What Is LPR?

This article explains what LPR/LPD is, and what it does.
This article has been archived and is no longer updated by Apple.

Definition of LPR/LPD

LPR/LPD is a platform-independent printing protocol that runs over TCP/IP. Originally implemented for BSD unix, its use has spread into the desktop world and is a de facto industry standard. The specification for LPR is defined in Request for Comment (RFC) 1179.


LPR: Line Printer Remote. Refers to the process that sends jobs to the printer or print queue. This is analogous to the print client software and is often called the 'LPR client'.

Apple has included an LPR client starting with the LaserWriter 8.5.1 printer driver, which shipped with Mac OS 8.1. It is also available separately. This software enables you to send print jobs to any LPD printer or print server.

LPD: Line Printer Daemon. Refers to the process that accepts print job from the line printer daemon client (the LPR client). This is analogous to the printer or the print server software and is often called the 'LPD server'.

The print server waits for the client to send it jobs. A print server may be capable of handling multiple printers and print queues at once. Since it (usually) has only a single IP address, the queue name must be used to specify the intended print queue.

LPR and LPD also refer to the protocol defined by the LPR/LPD specification (RFC 1179).

How LPR Works

LPR is a lot like sending a file, except you're sending a print job instead. Also, there are two parts to each print job: the data file (the data to be printed) and the control file (instructions that describe the data file and specify what to do with the data file).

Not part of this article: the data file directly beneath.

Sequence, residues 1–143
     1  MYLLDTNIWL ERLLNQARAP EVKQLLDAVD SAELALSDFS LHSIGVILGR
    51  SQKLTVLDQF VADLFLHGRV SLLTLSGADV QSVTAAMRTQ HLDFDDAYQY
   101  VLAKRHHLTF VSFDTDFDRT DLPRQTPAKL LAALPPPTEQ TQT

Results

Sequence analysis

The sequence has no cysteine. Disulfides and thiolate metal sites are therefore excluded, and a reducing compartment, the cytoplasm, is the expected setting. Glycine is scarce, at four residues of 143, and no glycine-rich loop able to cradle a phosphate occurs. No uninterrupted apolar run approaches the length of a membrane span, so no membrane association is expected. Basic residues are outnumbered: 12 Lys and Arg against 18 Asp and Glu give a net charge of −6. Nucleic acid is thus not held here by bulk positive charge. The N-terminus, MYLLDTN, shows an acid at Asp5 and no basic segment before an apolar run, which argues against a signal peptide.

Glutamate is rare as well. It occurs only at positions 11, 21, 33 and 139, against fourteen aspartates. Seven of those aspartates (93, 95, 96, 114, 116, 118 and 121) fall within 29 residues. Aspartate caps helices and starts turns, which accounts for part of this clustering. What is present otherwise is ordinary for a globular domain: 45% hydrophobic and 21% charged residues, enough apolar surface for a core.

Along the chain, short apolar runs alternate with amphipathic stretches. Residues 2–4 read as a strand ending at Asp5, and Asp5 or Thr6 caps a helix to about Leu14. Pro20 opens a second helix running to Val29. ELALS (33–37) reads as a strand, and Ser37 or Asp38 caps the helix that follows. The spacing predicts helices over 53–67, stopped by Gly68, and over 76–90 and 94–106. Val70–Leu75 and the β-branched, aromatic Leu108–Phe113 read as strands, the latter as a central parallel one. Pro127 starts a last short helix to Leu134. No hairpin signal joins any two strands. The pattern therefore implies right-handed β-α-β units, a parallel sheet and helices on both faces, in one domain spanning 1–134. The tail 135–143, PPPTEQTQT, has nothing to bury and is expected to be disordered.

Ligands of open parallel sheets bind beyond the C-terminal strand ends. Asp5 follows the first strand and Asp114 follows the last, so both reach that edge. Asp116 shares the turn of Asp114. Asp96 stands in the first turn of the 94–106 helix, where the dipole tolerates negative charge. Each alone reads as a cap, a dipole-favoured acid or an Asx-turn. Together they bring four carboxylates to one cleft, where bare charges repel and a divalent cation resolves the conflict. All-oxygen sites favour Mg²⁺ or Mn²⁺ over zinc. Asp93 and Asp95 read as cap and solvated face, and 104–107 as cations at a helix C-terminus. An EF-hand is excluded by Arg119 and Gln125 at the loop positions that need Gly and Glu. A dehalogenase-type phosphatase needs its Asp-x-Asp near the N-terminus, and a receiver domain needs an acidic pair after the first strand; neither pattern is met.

When you click the 'Print' button in the print dialog, the computer spools the print job to disk and generates the PostScript data (the data file). It then sends the data file and control file to the IP address specified in the LPR desktop printer. Since there may be more than one queue at the destination IP address, the queue name is sent at the very beginning to identify the intended queue.

If the destination is a printer, the printer prints the job. If the destination is a print server, it may do some additional processing (for example, security checking) and then forward the job to the next destination in the path (usually the printer).

Advantages Of Using LPR

  • Migration to single-protocol environments
  • More cross-platform; platform-independent
  • Accessible via the Internet

Advantages Of Using PAP (Printer Access Protocol, the Appletalk protocol for printing)

  • Better status info (idle, busy, and so forth)
  • Better error info (out of paper, tray out)
  • Easier to set up (autodiscovery versus manual entry/selection)

Apple LaserWriter Printers With Built-in LPD

  • LaserWriter 8500
  • LaserWriter 12/640PS
  • Color LaserWriter 12/660PS
  • Color LaserWriter 12/600PS
  • LaserWriter 16/600PS
  • LaserWriter Pro 810
Since these printers support LPD, you can print from any LPR client (for example, LaserWriter 8.5.1) directly to the printer. In essence, the printer itself is an LPD print server.

Other LPR clients and LPD servers

LPR and LPD have been widely adopted by other communities, including:

  • Many flavors of unix.
  • Windows NT: LPR client included in NT Workstation and Server. LPD server only included in NT Server.
  • Windows 3.1x/95/98: LPR and LPD not included but available by third parties.
For more information on LaserWriter driver 8.5.1 and LPR printing, please see the following article:
Article 24409: "LaserWriter 8.5.1: Configuring For IP Printing (LPR)"
Published Date: Feb 20, 2012